Domenica, 23 Settembre 2018

Costa Concordia wreckage freed from rocks


Giglio Island, September 16 - The Costa Concordia
cruise ship on Monday was successfully freed from the rock reef
where it lay in what was considered the most delicate phase of
righting the massive wreck in preparation for hauling it away.
"The first two hours (of the operation) were the most
uncertain, because we didn't know precisely how much of the ship
was stuck," said Sergio Girotto, project manager with Italian
off-shore engineering company Micoperi, which is in charge of
the salvage operation along with US-based Titan Salvage.
Girotto described the ship as now being perched on its
"knees", meaning that it was placed on a levelled piece of
The righting operation could last until around midnight,
meaning it would take hours before anyone could "rest easy,"
Italy's Civil Protection chief Franco Gabrielli said with a
smile on Monday.
Gabrielli on Thursday called righting the capsized Costa
Concordia "the first (undertaking) of its kind".
At 60,000 tons, the water-logged ship is the biggest and
most expensive salvage operation in history.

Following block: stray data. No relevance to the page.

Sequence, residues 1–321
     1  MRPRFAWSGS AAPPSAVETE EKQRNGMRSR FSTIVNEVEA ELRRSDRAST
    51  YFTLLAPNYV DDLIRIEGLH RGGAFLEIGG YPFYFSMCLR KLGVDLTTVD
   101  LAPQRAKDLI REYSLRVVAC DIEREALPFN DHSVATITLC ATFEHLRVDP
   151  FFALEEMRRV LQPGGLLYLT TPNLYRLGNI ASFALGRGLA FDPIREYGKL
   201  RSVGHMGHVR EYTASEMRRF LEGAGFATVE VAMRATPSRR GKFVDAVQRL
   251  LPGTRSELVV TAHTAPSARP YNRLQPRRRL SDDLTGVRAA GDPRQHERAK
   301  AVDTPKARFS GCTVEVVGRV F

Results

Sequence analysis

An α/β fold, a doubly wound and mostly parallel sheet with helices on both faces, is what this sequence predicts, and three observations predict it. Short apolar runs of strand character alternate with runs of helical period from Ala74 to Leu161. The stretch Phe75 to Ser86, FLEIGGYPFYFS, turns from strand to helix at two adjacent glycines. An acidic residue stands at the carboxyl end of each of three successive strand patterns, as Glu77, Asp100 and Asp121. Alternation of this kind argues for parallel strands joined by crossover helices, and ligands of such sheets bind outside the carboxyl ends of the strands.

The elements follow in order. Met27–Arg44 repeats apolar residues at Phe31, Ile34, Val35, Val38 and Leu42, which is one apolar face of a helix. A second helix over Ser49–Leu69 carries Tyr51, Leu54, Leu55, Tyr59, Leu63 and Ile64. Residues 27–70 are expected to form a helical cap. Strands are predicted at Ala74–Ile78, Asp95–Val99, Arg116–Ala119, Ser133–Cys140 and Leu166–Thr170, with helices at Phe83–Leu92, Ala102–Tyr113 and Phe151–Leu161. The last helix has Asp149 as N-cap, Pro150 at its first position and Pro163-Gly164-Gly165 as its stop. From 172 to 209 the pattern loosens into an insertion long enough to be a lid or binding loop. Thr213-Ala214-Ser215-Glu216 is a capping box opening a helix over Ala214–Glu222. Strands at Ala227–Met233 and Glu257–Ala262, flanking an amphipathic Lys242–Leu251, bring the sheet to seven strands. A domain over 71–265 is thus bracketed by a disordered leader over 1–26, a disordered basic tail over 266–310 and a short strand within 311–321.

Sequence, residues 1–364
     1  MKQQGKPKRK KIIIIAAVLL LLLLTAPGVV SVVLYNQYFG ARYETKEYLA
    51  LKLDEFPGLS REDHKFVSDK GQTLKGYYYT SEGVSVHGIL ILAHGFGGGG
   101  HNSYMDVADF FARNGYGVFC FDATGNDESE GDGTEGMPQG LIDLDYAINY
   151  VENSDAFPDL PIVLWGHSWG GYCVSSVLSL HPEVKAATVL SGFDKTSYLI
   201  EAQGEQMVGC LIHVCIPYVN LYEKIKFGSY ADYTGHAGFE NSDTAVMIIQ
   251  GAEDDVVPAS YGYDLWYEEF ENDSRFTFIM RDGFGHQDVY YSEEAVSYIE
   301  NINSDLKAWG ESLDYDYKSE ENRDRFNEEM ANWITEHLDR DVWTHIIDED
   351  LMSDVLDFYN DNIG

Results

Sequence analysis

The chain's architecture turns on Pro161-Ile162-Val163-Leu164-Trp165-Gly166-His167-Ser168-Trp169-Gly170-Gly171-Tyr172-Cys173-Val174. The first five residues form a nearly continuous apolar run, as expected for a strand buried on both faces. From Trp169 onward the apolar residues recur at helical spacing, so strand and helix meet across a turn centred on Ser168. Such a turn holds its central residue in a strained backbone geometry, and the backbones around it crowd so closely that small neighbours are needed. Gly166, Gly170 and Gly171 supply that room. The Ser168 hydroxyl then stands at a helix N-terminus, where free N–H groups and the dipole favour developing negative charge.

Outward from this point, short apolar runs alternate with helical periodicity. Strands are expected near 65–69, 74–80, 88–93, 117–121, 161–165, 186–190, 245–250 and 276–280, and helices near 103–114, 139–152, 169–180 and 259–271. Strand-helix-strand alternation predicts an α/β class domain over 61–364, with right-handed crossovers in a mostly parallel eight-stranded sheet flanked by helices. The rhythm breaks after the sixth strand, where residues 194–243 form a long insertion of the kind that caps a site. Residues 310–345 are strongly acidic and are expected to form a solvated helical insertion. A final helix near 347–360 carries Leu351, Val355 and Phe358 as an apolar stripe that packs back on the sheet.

No one is certain the unprecedented plan will work given
the 15-story, 4,000-passenger vessel's massive size - twice that
of the Titanic.
Crews have effectively welded a new ship onto the
wreckage, attaching 30 giant steel pontoons to its sides to roll
the ship in one piece onto a 1,000-ton underwater platform in a
process known as parbuckling.
Then they will float it away to be cut up for scrap, a
process that could take two years.
On Giglio Island, off the coast of Tuscany, the cruise ship
hit a rock formation in January 2012, claiming 32 lives, after
an allegedly rash manoeuvre by Captain Francesco Schettino to
"salute" local people.
The ship's carcass has since been semi-submerged on its
side, with two bodies still missing - passenger Maria Grazia
Trecarichi and crewmember Russel Rebelli.
Gabrielli called finding those bodies "a priority", but an
operation that can only be done once the ship is stabilized and
Salvage costs have already reached 600 million euros,
exceeding initial estimates by 200 million, even without
factoring in the final costs of hauling away the wreckage,
scheduled for the spring at the earliest.

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